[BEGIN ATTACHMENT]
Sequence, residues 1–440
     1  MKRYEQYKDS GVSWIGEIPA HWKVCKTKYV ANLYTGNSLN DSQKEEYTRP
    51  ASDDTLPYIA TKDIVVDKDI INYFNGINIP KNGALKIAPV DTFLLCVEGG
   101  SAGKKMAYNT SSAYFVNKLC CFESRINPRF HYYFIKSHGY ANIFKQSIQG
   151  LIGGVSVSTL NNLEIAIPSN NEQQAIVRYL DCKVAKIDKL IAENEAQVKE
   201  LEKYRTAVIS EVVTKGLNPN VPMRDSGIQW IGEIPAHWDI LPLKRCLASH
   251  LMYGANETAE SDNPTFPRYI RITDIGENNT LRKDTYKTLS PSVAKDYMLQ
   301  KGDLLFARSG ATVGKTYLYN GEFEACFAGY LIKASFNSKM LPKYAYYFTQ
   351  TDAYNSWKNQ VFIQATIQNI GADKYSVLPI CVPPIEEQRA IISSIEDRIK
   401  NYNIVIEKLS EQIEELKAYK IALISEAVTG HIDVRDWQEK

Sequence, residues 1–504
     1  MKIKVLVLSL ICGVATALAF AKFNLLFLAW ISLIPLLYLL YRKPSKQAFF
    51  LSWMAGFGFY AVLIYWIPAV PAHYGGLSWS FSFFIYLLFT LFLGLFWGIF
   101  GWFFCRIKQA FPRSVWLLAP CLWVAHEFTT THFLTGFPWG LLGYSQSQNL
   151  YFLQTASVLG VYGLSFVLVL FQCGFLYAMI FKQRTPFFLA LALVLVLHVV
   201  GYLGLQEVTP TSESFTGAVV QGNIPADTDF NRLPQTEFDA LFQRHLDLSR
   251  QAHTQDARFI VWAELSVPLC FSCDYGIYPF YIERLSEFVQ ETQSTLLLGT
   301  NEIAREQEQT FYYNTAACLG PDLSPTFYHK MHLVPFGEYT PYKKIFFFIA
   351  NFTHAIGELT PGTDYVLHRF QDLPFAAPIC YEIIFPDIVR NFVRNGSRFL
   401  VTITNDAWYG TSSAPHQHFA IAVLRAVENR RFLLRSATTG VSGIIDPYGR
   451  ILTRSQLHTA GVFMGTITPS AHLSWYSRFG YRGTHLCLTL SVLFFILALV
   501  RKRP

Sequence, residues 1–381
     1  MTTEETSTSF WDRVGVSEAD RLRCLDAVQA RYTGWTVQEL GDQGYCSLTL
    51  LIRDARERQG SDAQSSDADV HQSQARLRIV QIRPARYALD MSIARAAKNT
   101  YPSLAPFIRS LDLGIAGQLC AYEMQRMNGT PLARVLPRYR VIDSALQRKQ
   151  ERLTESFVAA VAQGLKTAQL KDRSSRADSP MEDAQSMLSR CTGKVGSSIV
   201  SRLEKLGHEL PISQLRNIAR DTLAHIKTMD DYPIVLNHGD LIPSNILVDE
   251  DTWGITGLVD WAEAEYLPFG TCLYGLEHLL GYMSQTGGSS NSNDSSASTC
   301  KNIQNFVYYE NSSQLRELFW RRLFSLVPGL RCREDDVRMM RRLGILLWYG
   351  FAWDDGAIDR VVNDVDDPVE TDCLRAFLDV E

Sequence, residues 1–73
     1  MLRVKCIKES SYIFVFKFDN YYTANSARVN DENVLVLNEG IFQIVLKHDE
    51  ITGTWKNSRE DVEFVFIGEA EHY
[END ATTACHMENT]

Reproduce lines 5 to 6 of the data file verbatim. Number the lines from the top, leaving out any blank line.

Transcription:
   151  LIGGVSVSTL NNLEIAIPSN NEQQAIVRYL DCKVAKIDKL IAENEAQVKE
   201  LEKYRTAVIS EVVTKGLNPN VPMRDSGIQW IGEIPAHWDI LPLKRCLASH